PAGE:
December 2011 global warming headlines and climate change news

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December 30 - Quebec on the cusp of climate change chaos
The province of Quebec in Canada has experienced another warmer year and while some of its population may be welcoming this, an expert warns Quebec coastlines are in danger; as are the northern communities built on permafrost and the province's forests may not be able to adapt to rising temperatures fast enough. Read more.

December 27 - Peru's glacier crisis
Meltwater from glaciers Cordillera Blanca, crucial to a large number of Peru's population, are now in decline 20 - 30 years earlier than predicted. , is decreasing 20 years sooner than expected, according to a new study. Water flows are now estimated to be as much as 30 percent less during the dry season. Read more.
 
December 26 - Climate change's impact on chocolate
Originally an expensive delicacy, chocolate may be heading back that way again. A recent study has found land suitable for cocoa production could be halved by 2050 due to temperature increases. Read more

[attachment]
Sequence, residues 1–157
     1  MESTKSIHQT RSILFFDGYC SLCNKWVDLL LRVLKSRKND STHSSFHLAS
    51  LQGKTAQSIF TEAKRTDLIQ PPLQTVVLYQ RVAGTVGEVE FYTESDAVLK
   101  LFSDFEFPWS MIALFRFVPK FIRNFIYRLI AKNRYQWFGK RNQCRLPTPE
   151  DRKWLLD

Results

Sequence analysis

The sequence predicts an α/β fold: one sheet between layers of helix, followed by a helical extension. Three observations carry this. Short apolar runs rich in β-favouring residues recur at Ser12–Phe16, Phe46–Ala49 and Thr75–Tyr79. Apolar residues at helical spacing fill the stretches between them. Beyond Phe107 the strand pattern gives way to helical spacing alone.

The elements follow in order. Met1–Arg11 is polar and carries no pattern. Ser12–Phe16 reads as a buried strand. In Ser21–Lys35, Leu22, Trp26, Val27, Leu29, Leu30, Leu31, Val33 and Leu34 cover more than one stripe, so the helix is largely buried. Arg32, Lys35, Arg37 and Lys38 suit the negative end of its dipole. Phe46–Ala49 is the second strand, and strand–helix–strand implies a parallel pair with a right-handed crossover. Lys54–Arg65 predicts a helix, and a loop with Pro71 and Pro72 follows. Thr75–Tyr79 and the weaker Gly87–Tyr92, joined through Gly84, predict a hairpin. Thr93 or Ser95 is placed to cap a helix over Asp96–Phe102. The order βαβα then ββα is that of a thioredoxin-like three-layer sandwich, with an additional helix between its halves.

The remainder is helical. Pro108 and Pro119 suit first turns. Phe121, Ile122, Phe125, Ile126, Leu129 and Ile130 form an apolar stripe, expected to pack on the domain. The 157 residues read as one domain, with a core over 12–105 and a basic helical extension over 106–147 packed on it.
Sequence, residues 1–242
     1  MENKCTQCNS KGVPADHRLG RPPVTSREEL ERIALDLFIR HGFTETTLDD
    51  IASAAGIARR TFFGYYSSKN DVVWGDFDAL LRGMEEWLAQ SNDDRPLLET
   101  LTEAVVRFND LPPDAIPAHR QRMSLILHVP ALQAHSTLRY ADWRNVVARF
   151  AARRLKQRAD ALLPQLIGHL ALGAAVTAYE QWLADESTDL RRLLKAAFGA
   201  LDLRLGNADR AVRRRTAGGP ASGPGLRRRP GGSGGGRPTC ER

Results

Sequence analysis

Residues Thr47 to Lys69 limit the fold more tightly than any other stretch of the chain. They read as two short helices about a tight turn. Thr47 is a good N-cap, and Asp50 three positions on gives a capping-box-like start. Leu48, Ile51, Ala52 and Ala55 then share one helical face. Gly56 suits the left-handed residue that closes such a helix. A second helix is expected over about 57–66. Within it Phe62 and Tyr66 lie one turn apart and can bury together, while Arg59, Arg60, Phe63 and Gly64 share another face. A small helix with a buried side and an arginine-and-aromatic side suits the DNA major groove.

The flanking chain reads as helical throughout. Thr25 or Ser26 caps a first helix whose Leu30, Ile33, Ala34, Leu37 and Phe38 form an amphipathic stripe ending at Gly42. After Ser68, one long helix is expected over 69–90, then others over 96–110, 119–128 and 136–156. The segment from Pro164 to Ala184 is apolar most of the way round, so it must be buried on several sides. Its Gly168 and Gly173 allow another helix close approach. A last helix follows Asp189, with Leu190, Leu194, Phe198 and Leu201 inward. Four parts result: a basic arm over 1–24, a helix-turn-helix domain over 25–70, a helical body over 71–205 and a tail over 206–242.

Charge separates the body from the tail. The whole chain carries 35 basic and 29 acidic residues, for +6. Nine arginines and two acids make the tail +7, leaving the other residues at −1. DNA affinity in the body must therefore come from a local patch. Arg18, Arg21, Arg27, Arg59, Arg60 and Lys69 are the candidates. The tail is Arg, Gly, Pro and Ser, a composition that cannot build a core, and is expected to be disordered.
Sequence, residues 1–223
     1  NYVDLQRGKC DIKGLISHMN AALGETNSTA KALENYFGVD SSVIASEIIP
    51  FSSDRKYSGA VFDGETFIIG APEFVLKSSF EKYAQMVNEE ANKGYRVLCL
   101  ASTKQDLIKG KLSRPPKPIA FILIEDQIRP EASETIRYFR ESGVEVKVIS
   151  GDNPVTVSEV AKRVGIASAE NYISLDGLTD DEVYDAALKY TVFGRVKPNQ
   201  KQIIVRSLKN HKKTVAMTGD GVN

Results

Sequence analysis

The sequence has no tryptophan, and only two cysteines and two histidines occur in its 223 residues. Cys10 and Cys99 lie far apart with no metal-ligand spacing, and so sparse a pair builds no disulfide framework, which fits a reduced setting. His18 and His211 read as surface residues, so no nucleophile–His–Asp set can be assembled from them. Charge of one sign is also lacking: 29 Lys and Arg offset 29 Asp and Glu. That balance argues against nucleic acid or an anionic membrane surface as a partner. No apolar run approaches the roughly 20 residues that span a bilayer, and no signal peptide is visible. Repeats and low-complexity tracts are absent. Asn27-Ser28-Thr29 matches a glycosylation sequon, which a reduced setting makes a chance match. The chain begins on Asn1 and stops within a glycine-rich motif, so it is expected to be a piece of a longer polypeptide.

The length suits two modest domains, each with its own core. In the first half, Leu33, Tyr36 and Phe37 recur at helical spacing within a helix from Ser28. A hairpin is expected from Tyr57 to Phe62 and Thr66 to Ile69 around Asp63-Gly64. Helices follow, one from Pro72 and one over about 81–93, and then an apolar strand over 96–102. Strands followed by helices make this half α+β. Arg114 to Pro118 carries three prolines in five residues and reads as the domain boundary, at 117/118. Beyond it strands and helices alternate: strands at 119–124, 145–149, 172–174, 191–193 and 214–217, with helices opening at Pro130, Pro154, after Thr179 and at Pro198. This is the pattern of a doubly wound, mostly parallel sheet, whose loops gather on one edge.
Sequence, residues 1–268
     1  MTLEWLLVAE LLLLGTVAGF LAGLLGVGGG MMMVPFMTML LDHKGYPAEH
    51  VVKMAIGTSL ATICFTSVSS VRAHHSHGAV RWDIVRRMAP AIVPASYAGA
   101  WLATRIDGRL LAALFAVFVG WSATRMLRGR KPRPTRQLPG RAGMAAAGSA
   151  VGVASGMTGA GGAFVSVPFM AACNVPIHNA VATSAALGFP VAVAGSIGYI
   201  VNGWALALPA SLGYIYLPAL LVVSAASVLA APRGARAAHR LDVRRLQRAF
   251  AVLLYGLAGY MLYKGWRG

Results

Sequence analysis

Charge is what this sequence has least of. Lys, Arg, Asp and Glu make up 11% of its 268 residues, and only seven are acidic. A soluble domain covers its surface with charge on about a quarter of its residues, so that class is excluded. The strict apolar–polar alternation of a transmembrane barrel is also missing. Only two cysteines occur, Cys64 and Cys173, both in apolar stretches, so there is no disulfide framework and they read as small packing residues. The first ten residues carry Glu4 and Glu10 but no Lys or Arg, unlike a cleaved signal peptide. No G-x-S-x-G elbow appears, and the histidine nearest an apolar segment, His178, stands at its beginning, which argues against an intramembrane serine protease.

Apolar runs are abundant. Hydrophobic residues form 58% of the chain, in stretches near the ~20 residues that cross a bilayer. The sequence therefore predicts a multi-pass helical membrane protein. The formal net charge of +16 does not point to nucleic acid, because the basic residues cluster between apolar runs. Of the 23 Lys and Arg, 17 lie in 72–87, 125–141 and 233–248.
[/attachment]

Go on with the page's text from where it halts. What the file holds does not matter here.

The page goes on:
December 21 - Drought kills millions of trees in Texas
The Texas Forest Service says the state's ongoing drought, soaring temperatures and high winds have caused the death of anywhere between a hundred million and half a billion trees - not including those lost in fires. Read more

December 20 - Winemakers prepare for climate change
One of Spain's biggest winemakers has seen the writing on the wall - increasing temperatures in their region have spurred the company into shifting its vineyards. The threats to the industry aren't confined to Spain, with many regions under threat of the negative impact on grapes if temperatures get too high. Read more.

December 17 - Quebec to implement carbon cap and trade
While Canada may be ending its participation in the Kyoto Protocol, Quebec is implementing a cap-and-trade system to help the province reach its greenhouse gas reduction target of 20 percent below 1990 levels by 2020. Read more.

December 16 - Massive methane plumes in Arctic Ocean
Methane plumes of over 1,000 meters diameter have been discovered bubbling in the Arctic Ocean, leading a research team who previously estimated methane emissions from the region to be around eight million tonnes a year to state that figure may have been a significant underestimate. Methane is a potent greenhouse gas with many times the global warming potential of carbon dioxide. Read more